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   Module 16
           Edward Thorndike
Law of Effect:
  behaviors with favorable
   consequences will occur
   more frequently

  behaviors with unfavorable
   consequences will occur
   less frequently
   Operant Conditioning
 type of learning in which the
 frequency of a behavior depends on
 the consequence that follows that
               B.F. Skinner

 developed principles &
 techniques of operant
 conditioning; found
 ways to apply them in
 the real world
      Consequences of Behavior
 Reinforcement -
 consequence that increases
 the likelihood of the
 behavior it follows

 Punishment - consequence
 that decreases the
 likelihood of the behavior
 it follows
         Think about this . . .
The subject determines if a consequence is
 reinforcing or punishing so…

What things are reinforces for you that might
 not be for other people?

What things are punishments for you that
 might not be for other people?
        Types of Punishment
 positive punishment - an undesirable
 event occurs following a behavior

 negative punishment - a desirable state
 or event ends following a behavior
positive punishment   negative punishment
      Positive Reinforcement
 increases the likelihood of a behavior by
 following it with a desirable event or state

 you receive something you want

 will strengthen the behavior
Positive Reinforcement
      Negative Reinforcement
 increases the likelihood of a behavior by
 following it with the removal of an
 undesirable event or state

 something you don’t like is removed

 will strengthen the behavior
Negative Reinforcement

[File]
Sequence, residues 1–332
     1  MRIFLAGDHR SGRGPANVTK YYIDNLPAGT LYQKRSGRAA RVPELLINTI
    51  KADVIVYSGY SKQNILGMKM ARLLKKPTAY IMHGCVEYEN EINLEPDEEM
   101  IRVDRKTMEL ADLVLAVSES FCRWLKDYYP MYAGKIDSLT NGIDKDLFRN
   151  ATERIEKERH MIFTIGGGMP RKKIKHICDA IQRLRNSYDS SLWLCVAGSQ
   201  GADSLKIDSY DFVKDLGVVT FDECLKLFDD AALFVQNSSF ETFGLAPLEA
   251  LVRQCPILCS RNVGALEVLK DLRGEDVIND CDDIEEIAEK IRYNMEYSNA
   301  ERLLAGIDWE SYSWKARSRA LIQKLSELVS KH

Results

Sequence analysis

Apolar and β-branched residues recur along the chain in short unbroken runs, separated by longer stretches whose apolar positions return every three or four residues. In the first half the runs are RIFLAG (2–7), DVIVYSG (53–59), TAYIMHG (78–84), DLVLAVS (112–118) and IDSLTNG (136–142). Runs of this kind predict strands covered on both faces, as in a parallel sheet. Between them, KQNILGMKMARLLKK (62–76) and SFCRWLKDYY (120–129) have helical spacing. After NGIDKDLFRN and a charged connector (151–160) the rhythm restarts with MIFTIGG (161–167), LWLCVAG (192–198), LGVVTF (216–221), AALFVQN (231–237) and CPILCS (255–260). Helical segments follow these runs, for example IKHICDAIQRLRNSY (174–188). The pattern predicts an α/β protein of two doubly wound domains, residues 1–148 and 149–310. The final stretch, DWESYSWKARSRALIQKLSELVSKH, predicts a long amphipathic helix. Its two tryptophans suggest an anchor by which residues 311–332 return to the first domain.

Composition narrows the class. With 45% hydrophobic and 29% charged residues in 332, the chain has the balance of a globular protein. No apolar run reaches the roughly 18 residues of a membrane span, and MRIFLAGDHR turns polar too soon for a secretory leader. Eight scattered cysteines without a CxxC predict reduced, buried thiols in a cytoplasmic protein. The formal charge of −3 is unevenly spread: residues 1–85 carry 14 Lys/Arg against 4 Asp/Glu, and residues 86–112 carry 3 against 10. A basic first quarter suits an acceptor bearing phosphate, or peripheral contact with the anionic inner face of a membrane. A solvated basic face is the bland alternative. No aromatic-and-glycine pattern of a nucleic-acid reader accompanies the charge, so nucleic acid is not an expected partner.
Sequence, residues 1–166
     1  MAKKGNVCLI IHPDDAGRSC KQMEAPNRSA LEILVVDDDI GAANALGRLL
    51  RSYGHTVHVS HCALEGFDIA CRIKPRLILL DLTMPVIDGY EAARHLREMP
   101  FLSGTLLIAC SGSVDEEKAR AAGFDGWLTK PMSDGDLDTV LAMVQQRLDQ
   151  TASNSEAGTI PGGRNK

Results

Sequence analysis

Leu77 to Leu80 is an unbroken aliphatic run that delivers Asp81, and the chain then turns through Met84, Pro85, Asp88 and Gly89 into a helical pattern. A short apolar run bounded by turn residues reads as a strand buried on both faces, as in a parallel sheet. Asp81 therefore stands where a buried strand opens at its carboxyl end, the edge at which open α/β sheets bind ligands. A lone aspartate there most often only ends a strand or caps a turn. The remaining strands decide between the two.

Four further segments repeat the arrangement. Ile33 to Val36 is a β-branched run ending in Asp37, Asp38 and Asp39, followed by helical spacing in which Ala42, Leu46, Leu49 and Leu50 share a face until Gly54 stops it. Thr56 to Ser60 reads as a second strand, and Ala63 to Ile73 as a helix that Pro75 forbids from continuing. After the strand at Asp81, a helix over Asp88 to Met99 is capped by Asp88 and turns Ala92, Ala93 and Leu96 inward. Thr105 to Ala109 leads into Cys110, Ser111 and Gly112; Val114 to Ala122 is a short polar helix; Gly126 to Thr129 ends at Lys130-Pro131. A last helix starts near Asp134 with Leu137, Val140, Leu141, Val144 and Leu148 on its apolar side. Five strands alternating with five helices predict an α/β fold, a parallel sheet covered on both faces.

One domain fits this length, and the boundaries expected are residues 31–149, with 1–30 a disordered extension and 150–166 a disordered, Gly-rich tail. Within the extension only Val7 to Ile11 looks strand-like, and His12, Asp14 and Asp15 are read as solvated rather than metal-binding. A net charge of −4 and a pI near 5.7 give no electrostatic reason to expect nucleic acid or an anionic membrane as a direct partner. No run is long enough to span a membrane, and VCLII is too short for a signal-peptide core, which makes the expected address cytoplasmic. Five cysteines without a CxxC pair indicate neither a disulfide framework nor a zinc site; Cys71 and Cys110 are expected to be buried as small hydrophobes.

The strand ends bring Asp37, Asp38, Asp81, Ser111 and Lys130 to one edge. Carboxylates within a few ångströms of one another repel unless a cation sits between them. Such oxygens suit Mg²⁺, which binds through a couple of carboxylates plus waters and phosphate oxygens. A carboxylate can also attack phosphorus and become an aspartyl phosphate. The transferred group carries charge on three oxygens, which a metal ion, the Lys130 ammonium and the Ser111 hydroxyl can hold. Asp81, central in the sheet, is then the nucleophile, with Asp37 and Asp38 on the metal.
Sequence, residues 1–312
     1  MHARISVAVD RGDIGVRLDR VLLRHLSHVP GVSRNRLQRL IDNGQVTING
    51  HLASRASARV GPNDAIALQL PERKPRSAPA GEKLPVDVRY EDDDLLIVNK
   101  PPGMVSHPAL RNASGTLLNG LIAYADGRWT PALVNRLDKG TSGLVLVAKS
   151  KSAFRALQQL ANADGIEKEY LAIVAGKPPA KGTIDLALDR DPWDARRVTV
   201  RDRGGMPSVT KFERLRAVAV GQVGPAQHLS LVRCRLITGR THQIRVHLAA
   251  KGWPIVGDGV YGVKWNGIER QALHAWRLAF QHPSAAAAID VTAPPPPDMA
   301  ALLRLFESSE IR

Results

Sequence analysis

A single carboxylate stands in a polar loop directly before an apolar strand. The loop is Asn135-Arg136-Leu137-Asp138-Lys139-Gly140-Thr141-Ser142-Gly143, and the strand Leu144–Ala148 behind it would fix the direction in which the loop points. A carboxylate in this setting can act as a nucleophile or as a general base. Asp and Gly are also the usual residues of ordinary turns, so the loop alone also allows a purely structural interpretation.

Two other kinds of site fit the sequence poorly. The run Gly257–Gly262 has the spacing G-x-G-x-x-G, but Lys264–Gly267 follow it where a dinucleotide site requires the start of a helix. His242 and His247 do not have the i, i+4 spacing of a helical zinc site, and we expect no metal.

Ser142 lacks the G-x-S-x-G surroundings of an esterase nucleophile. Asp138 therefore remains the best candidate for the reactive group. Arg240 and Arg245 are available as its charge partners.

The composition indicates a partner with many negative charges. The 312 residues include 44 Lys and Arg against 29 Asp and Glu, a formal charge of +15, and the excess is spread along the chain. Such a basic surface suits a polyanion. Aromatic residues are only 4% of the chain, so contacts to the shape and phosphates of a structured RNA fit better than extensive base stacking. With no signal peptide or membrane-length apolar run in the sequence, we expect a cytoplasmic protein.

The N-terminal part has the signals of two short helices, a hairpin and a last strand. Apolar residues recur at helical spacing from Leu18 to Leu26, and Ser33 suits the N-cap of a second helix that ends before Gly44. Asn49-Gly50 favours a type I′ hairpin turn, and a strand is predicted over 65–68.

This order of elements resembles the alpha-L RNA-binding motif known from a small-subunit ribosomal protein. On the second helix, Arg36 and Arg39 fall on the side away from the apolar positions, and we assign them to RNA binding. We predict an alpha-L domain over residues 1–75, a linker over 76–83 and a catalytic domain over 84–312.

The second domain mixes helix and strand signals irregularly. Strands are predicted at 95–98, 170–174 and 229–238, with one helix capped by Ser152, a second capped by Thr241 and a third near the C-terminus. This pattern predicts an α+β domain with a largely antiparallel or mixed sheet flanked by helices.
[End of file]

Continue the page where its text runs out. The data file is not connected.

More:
Video Clip Questions
1. What is operant conditioning?
2. Operant conditioning is based on the works
     of which two people?
3.   What does the law of effect say?
4.   Does the video clip show reinforcement or
5.   What was the consequence for behavior in
     the video clip?
6.   How did that consequence affect behavior?
Analyzing Operant Conditioning Examples:
1.   Who is the main focus of the example?

2.   What is their behavior?

3.    Is that behavior more likely or less likely to happen
      again in the future?
      more likely – reinforcement
      less likely – punishment

4.    Why is that behavior more or less likely to happen?
      Was something desirable or undesirable added?
      Was something desirable or undesirable taken away?
 Operant Conditioning Examples
 The puppy pees on the rug and is punished with a
  swat of the newspaper.
               positive punishment
 The toddler gets picked up and comforted for
               positive reinforcement

 You hit the snooze button on your annoying alarm
               negative reinforcement
 The window looking into the other monkey's
  enclosure is shut when the first monkey bites the
                negative punishment
  Operant Conditioning Examples
 "I'm not talking to you after what you did!"
              negative punishment
 Walking straight through low doorways
  causes you to bonk your head.
              positive punishment
 You fake a stomach ache to avoid school.
             negative reinforcement
 A child wakes up in the middle of the night
  crying. The parents let the child sleep in bed